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Old March 21, 2011, 01:52 AM   #137
Gray Peterson
Join Date: May 18, 2004
Posts: 18
On 03-08-2011, in Peterson v. LaCabe, Plaintiff's #17 Motion for Summary Judgment against Defendant LaCabe is denied. Intervenor Attorney General's #34 Cross-Motion for Summary Judgment is granted. The claims against all parties are dismissed with prejudice. Judgment shall be entered in favor of Defendants and Intervenor and against Plaintiff on all of his claims.

Note how the Judge defines the 2A right to bear arms:
As discussed further below, while the Supreme Court has recently made clear that the Second Amendment strongly protects an individual’s right to have a firearm in the home for the purpose of self-defense, the right may nonetheless be restricted to certain persons and is entitled to less protection outside the home. District of Columbia v. Heller, 554 U.S. 570, 628 (2008).
What we see is once again a Judicial misinterpretation of what Heller actually said: The right only pertains to the home; A broad reading of prohibited persons.

This is nothing new.

It is interesting because the Judge earlier, in his opinion, states that in order for a P&I claim to proceed, a plaintiff must show that the right must 1) “bear upon the vitality of the Nation as a single entity” and be 2) “sufficiently basic to the livelihood of the Nation.” Supreme Court v. Friedman, 487 U.S. 59, 64 (1988).
If the right is protected, the regulation may nonetheless be constitutional if the state can show “substantial reason” for the discrimination against non-citizens, i.e., “something to indicate that non-citizens constitute a peculiar source of evil at which the statute is aimed.” Hicklin v. Orbeck, 437 U.S. 518, 526 (1978) (quoting Toomer, 334 U.S. at 398).
So the court is saying that Intermediate scrutiny must apply.

Then the Judge applies the second aspect of P&I (above), while refusing to even acknowledge the first aspect. sigh.

The Judge then agrees with the State of Colorado, in that the State cannot adequately review the plaintiffs out of state records (of criminal behavior), that the States over riding issue of public safety comes into play and therefore does not implicate the plaintiffs right to travel under the Privileges and Immunities Clause.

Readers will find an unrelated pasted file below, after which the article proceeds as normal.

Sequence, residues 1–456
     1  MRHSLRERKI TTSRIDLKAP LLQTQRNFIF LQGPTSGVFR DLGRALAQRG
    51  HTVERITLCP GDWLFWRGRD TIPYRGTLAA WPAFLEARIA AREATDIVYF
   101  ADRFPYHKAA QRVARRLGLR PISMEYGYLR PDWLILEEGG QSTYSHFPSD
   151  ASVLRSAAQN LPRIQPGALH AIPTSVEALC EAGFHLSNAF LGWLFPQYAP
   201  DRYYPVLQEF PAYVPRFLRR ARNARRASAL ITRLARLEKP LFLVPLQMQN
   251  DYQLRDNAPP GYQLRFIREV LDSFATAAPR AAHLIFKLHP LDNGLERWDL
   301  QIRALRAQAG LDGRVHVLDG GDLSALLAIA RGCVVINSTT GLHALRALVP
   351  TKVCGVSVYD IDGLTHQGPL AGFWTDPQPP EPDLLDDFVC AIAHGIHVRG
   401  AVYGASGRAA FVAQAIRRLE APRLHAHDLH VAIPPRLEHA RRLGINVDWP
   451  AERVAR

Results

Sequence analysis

The Judge has just applied Rational Basis scrutiny, to something that he just said Intermediate scrutiny applies (the 2A 2-Step: The 2A's Bear to only apply in the home and public carry is outside of the main second amendment protections).

Patrick, from MDShooters puts it better than I can:
The "2A Two-Step" is essentially this:
1. Find that the complaint (public carry, whatever) implicates the Second Amendment, but that it is not "core" to the right

2. Use that non-core finding to assign intermediate scrutiny, that in all effect is really rational basis - which allows the legislature to literally do anything they want.
That's how we are losing these cases. It's almost universally applied.
The Judges opinion is 18 pages. He takes 12 pages to dispose of the Right to Travel. In the remaining 6 pages, the Judges uses the same logic to dispose of the 2A claim (4 pages) the the Equal Protection claim (the remaining 2 pages).

The trend is pretty clear. The lower courts, by and large, are using decisions in criminal cases to equate law-abiding citizens (and their civil rights) as being inherently dangerous. Therefore the ability of a State to regulate public safety must stand above this criminal aspect. They are intentionally misreading Heller by holding that "bear" only applies to inside the home, and that the four cases that Heller used to approve of CC restrictions applies, all the while ignoring that open carry was available, and that this was the point that made the restrictions valid.

Whatever we think of the Brady's, this is directly out of their playbook.
On 03-15-2011, in Peterson v. LaCabe, the final judgment was entered. #46 on the docket. Appeal to the 10th Circuit is next. This is the second case to reach this point. Peruta was first (9th Circuit), but does not contain the issues presented by Peterson.
Yep, this is definitely a 2A Two-Step situation (Yes, I am the plaintiff in this particular case).

Peruta brought up similar issues in a sense, but the situation between the two cases are a bit different. There is no UOC option in Denver.
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